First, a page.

This chapter deals with the police, army and intelligence services and states how they must work in order to secure the state. This chapter also requires security services to operate in a manner that does not violate important constitutional values and principles.
Security services consist of one defence force, a police service and an intelligence service. No other army apart from the South African army will be allowed. National security is controlled by Parliament and the National Executive. The President, as commander-in-chief of the Defence Force, must appoint a military command for the defence force and a national commissioner for the police. These services, along with the intelligence services, are responsible to designated Cabinet ministers.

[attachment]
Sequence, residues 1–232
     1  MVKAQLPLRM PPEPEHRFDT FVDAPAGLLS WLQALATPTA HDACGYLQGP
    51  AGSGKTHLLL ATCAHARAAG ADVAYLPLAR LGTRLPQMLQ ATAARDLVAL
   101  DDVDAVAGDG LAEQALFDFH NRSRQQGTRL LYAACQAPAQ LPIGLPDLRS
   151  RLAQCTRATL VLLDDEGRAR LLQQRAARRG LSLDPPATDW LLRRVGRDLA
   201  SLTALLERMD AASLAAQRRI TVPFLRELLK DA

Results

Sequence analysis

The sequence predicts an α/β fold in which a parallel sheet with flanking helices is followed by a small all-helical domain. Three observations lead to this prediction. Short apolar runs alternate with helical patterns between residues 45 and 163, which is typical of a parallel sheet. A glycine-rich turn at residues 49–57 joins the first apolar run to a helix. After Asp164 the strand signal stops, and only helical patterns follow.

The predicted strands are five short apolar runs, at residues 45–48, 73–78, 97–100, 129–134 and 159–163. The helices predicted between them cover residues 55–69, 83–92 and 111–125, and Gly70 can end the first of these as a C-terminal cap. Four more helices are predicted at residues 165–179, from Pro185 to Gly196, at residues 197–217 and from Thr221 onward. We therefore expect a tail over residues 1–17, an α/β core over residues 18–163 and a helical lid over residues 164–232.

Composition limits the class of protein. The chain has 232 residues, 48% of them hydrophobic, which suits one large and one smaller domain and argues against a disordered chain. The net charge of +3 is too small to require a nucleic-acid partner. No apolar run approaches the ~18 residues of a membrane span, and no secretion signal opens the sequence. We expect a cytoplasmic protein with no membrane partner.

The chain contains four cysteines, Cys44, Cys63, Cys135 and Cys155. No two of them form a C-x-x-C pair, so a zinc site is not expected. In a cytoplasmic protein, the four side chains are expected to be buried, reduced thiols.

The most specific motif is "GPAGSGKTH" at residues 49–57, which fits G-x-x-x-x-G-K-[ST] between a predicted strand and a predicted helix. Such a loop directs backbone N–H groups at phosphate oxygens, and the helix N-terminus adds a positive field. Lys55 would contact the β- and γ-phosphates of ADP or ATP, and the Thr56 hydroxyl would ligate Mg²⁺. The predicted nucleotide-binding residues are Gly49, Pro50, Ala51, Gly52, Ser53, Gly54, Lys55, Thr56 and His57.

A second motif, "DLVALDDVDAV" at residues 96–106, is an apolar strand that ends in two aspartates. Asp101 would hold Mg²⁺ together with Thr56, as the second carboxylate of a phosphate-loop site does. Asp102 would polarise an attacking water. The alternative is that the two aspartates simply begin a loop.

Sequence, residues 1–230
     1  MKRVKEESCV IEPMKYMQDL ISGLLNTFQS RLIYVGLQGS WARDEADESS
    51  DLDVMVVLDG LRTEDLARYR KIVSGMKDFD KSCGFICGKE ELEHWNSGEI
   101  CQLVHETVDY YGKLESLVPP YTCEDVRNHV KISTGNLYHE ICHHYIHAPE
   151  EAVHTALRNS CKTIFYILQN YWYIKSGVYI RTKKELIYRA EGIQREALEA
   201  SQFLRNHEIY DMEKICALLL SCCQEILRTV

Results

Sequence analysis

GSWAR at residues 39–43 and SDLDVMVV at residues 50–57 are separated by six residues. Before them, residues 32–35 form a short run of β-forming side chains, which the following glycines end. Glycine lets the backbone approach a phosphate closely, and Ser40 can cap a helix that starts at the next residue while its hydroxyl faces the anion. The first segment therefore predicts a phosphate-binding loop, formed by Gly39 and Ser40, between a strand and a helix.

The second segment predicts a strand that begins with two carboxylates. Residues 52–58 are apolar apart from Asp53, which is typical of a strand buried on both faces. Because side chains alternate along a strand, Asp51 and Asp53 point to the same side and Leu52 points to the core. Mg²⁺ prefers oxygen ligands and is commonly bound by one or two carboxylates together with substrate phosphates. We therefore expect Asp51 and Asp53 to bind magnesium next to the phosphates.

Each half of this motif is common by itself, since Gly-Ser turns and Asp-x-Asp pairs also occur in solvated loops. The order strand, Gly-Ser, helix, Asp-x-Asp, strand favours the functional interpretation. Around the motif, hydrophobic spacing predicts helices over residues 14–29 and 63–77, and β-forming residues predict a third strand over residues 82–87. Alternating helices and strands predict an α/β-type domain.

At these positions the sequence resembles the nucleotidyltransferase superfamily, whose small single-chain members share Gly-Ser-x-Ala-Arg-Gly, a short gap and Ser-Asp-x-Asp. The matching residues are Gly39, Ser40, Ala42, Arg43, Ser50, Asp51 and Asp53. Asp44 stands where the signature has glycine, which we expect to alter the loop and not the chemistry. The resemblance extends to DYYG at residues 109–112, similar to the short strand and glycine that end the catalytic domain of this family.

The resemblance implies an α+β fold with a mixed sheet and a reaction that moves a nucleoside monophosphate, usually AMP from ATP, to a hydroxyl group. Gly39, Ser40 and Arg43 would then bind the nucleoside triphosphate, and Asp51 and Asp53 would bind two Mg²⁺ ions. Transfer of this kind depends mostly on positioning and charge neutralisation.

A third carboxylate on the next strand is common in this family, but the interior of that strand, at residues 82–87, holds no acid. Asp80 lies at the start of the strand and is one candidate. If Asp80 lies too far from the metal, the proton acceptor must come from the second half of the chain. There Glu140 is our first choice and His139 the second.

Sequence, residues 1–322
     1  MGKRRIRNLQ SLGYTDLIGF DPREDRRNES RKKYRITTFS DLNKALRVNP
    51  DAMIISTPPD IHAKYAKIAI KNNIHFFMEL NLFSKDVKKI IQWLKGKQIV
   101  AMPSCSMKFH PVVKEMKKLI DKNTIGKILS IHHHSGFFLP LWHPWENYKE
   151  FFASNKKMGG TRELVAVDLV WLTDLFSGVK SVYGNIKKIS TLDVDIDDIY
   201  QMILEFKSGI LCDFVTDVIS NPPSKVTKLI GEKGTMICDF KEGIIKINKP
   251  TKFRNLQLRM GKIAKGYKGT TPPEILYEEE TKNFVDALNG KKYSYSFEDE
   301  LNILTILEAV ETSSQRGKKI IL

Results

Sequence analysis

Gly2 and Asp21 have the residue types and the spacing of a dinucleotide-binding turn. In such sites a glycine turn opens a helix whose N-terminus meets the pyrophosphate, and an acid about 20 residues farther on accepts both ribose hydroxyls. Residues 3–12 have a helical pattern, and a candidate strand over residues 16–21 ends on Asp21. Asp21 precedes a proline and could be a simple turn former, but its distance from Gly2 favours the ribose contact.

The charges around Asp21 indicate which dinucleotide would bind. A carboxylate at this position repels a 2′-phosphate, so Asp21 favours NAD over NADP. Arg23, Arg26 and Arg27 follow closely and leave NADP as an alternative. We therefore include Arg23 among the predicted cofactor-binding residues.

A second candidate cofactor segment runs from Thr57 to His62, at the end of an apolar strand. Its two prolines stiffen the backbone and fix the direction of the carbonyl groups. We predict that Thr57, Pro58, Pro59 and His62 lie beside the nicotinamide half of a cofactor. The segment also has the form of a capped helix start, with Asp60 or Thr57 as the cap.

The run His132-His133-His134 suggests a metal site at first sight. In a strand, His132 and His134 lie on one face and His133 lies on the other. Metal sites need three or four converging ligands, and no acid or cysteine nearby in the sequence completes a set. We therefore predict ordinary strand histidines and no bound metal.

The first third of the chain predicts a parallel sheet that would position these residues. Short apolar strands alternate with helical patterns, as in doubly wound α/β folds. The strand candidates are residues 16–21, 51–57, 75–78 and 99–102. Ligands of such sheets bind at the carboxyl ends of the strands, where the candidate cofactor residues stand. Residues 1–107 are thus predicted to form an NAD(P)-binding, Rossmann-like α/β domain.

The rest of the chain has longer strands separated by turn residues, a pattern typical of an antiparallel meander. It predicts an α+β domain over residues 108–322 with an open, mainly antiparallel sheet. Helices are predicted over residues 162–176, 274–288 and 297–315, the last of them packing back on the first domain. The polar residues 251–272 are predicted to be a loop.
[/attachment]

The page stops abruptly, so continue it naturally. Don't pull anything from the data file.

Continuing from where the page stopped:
The security services must follow the law and the Constitution, and any international documents signed by South Africa. They are there to protect the people and the country. They are not allowed to act for or against a political party.
Section 199(6) of the Constitution states that a manifestly illegal order may be disobeyed. This is in reaction to the defence raised by many apartheid national security operatives who claimed that they were merely following orders. This clause is modelled after the German constitution where similar claims were made by those who committed crimes during World War 2 and the Holocaust.